I met my husband on April 15. An easy date to remember! Also, the last day to file federal income tax or apply for an extension. If you don’t follow the IRS’s stringent rules, trouble abounds, plus penalties.

Are you thinking: Oh, goody, we get to pay our federal taxes even though we won’t decide where the money goes? Yesterday, the oldie Beatles song Taxman swam through my head as I gathered my writing expenses receipts. Fortunately, my husband’s accountant knows what he’s doing and is honest. My husband and I never mess with the IRS! I’ve known people who’ve tried, a few by mistake, and the horrendous penalties they’ve paid.

Would this classic Corvette work as a tax right-off if I drove it to work?

Could this classic Corvette be a tax right-off if I drove it to work?

I believe we must support our military, but wonder where the rest of our mandatory federal tax donation money is spent.

I found it amusing when an economics professor told me the Amish of Lancaster County, PA, are poor. This fact she no doubt judged when reviewing the amount of federal taxes they pay, because she’s not seen their magnificent farms or herds of dairy cows. I explained most Amish farmers grow and preserve their own food, and milk their own cows. And their farms are magnificent, the acreage valuable. Many also work in factories or construction.

Do the Amish pay taxes? An Amish friend from the Midwest answered my questions: “Yes they do, even if they don’t always agree with or participate in the ways the government spends their money. If a business is owned by Amish, yes applies to them as well, it is all state requirements and we have it plain in the Bible about what is required of us to honor the Obrigkeit.” (Mark 12:17, Matthew 22:12)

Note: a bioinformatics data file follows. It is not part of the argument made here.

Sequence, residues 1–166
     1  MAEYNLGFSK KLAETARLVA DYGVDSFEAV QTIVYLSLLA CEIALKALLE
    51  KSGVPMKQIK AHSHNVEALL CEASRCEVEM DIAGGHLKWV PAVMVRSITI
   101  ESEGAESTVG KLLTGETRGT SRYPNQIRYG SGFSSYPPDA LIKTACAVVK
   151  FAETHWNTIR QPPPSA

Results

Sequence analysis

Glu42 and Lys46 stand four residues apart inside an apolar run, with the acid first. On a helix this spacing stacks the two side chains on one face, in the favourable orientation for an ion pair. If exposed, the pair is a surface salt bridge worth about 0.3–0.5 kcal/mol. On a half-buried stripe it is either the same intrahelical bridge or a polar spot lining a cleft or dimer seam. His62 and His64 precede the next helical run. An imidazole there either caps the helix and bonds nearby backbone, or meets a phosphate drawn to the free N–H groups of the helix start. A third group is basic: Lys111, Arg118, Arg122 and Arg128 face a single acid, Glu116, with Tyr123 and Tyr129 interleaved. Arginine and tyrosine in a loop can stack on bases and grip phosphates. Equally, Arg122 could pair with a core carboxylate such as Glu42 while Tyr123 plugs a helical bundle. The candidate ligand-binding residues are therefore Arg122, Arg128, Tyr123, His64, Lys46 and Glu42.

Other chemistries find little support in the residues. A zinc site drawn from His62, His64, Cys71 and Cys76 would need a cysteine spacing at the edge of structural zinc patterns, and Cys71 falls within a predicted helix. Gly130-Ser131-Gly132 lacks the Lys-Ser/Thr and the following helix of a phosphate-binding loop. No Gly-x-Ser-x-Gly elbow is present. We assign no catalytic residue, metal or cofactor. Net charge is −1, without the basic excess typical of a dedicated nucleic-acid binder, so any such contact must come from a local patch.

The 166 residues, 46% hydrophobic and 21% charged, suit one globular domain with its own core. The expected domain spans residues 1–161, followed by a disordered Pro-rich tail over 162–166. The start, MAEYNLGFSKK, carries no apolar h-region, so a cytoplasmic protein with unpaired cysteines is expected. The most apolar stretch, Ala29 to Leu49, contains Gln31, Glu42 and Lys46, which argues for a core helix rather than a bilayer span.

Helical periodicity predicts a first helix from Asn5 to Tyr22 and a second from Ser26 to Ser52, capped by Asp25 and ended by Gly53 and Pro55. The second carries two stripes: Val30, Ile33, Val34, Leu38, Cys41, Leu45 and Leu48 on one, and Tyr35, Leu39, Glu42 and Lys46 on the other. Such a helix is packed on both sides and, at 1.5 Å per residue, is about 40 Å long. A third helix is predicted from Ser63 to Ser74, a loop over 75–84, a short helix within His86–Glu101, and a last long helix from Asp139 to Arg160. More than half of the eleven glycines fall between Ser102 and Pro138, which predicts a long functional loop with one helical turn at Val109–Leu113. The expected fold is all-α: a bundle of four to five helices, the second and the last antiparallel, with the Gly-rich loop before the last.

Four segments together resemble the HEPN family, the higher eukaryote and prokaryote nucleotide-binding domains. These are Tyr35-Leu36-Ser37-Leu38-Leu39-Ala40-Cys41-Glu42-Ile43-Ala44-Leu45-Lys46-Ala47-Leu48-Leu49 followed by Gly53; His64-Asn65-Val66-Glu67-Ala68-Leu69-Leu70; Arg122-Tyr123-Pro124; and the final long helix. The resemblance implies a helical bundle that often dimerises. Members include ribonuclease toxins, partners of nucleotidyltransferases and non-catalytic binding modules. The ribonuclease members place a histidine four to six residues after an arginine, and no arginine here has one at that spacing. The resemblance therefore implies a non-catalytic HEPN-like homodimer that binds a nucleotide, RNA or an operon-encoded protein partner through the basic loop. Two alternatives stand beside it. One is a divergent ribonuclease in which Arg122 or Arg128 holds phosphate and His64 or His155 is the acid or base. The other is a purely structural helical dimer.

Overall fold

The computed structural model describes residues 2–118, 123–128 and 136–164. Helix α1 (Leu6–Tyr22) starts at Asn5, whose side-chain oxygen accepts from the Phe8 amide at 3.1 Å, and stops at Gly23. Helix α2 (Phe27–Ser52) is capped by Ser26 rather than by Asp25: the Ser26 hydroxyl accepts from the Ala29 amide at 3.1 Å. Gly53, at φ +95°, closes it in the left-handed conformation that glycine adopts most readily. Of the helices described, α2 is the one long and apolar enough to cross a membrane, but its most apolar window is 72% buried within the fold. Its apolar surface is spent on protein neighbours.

A woman thought Amish farmers are poor because they work their own farms.

A woman I know thought Amish farmers are poor because they work their own farms.

Amish pay federal and state taxes, such as property taxes, sales taxes, and public school taxes, even though most Amish send their children to Amish-owned and maintained one-room schoolhouses. Do you think that’s fair?

Amish consider Social Security an insurance program, which conflicts with their belief against participating in commercial insurance. Most Amish are exempt from Social Security. But my Midwest Amish friend wrote: “As with so many things in Amish life, this is in the differs-by-area category. I do not pay in for Social Security or draw it, as I am exempt. The younger generation do not exempt themselves anymore … I would guess it is 50-50. It is a ‘do what you choose thing’.”

Do you think it’s fair most Amish have the choice of being exempt from paying into Social Security? They care for their elderly and infirm. Many of us have paid into Social Security for decades. Will the well run dry?

Do you wait until the last minute or file your taxes early, hoping to receive a refund? Are you already organizing for next year? Do you resent the whole process? Do you heave a huge sigh of relief when your taxes are filed? Although my husband and I may be parting with some of our hard earned cash on the 15th, after 30 years we still have each other. If you’re in the process of organizing your taxes and are looking to get an OIC agreement accepted, read these offer in compromise tips for additional advice.


Win this Amish-made quilted purse …


Amish quilted pocketbook

With a roomy inside!

Please leave a comment and enter to win this beautiful Amish-made Quilted Pocketbook, from Lancaster County, PA. Plus a signed book from The Legacy of Lancaster Trilogy: either Leaving Lancaster, its sequel Pennsylvania Patchwork, or Forever Amish! Winner has three days to respond. USA and Canada.